Tag Archives: peri-urban sanitation

Peri-Urban Sanitation – Water Currents, June 11, 2019

Peri-Urban Sanitation – Water Currents, June 11, 2019.

This issue of Water Currents highlights recent studies and resources on fecal sludge management, container-based sanitation, shared sanitation, and other topics. As noted in USAID’s Water and Development Plan included in the U.S. Global Water Strategy, separating individuals and communities from human waste, properly treating fecal waste, and promoting key behaviors that lessen the risk of illness are critical sanitation and hygiene interventions that reduce diarrheal disease, child mortality, malnutrition, neglected tropical diseases, and other waterborne illnesses, such as cholera. sanergy.png

The first six studies are from the Creating Demand for Peri-Urban Sanitation (SanDem) project, which aims to better understand how to improve the quality of peri-urban sanitation using demand-side/behavior change approaches in Lusaka, Zambia.

We would like to thank staff from Sanitation and Hygiene Applied Research for Equity (SHARE) for contributing content to this issue. SHARE generates evidence to improve policy and practice worldwide to achieve universal access to effective, sustainable, and equitable sanitation and hygiene.

Read the complete issue.

IIED presents SHARE-funded City-Wide Sanitation Project findings

May 6, 2014 – IIED presents SHARE-funded City-Wide Sanitation Project findings at the 11th International Conference on Urban Health at the University of Manchester | Source: SHARE website

SHARE partner IIED presented its findings on the challenges and opportunities of different models for improving sanitation in deprived communities at the 11th International Conference on Urban Health at the University of Manchester. iied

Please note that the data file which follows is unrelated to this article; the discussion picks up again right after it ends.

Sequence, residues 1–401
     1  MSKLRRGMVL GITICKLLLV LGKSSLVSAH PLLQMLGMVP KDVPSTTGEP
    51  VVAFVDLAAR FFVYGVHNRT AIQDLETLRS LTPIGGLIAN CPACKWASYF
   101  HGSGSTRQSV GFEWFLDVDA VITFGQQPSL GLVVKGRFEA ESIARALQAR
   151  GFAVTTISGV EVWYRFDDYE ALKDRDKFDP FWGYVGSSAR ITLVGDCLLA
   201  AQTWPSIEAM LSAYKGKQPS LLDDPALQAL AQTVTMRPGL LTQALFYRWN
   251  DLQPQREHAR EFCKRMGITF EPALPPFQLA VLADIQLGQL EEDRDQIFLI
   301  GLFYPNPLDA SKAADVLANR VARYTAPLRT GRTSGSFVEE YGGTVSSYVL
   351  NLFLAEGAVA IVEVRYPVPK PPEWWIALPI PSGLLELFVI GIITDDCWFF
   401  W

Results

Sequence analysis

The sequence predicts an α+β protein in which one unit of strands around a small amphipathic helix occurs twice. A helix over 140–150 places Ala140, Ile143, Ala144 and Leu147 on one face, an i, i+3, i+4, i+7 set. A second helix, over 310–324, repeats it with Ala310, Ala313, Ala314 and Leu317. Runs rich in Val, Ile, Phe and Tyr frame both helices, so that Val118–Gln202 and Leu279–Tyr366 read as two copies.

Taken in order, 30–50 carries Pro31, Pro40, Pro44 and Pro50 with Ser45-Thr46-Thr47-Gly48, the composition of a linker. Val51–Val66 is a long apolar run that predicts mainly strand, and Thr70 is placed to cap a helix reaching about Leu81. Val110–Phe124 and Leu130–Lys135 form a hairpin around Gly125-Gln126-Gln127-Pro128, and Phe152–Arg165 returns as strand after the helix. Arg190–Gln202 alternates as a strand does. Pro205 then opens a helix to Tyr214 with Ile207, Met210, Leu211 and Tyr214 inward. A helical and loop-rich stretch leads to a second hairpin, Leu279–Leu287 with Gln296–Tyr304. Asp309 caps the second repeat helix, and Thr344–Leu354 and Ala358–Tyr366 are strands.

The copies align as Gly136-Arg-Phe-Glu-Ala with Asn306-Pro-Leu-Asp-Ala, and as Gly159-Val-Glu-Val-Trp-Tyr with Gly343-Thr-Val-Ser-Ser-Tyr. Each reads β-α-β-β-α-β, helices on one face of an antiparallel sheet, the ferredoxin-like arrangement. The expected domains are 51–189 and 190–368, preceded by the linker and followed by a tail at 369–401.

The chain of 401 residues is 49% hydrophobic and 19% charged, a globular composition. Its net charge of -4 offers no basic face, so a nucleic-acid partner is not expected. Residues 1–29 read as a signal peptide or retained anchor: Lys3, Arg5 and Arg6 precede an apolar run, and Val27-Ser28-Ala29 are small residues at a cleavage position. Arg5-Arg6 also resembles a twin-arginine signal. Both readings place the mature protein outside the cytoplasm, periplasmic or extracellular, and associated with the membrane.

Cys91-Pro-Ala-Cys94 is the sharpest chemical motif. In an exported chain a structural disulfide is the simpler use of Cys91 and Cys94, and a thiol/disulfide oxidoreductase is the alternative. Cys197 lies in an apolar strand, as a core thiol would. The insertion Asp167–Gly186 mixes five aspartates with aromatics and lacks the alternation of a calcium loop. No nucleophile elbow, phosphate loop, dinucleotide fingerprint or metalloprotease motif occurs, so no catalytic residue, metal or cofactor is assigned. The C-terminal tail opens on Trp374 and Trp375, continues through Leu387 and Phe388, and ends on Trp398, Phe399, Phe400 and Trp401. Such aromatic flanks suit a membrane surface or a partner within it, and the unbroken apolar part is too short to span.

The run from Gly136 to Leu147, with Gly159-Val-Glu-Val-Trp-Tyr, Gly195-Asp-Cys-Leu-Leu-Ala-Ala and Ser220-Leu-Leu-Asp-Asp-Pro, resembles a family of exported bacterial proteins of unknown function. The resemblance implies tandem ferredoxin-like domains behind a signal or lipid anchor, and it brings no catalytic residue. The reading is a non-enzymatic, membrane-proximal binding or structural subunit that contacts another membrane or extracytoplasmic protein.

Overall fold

The work presented was published last year in a paper entitled “Overcoming obstacles to community-driven sanitary improvement in deprived urban neighbourhoods: lessons from practice”. Sanitary improvement has historically been central to urban health improvement efforts. Low cost sanitation systems almost inevitably require some level of community management, and in deprived urban settlements there are good reasons for favouring community-led sanitary improvement.

It has been argued that community-led sanitary improvement also faces serious challenges, including those of getting local residents to act collectively, getting the appropriate public agencies to co-produce the improvements, finding improvements that are acceptable and affordable at scale, and preventing institutional problems outside of the water and sanitation sector (such as tenure or landlord-tenant problems) from undermining improvement efforts. This paper examines these sanitary challenges in selected cities where organizations of the urban poor are actively trying to step up their work on sanitary issues, and considers they can best be addressed. 

Africa: self-help sanitation for more than 2 million people

More than 2 million people and over 740 schools in Africa are getting improved sanitation.

In a new five-year programme, development organisation Plan International will expand its existing self-help sanitation programme in six African countries (Sierra Leone, Ethiopia, Uganda, Kenya, Zambia and Malawi) and introduce it in two other countries (Ghana and Niger).

The programme aims to implement and promote the Community Led Total Sanitation (CLTS) approach as it was originally intended: the community is triggered to act by itself towards its development by stopping open defecation and improving hygiene behaviour. There are no toilet subsidies and no financial rewards for eliminating open defecation. Plan and its local partners will carry out CLTS activities in 805 rural communities. Adapted versions of the approach will be used in 36 peri-urban communities and 742 schools.

Besides implementing sanitation projects, the programme will also engage the private sector. It will support local small or medium entrepreneurs to market the construction and maintenance of sanitation facilities.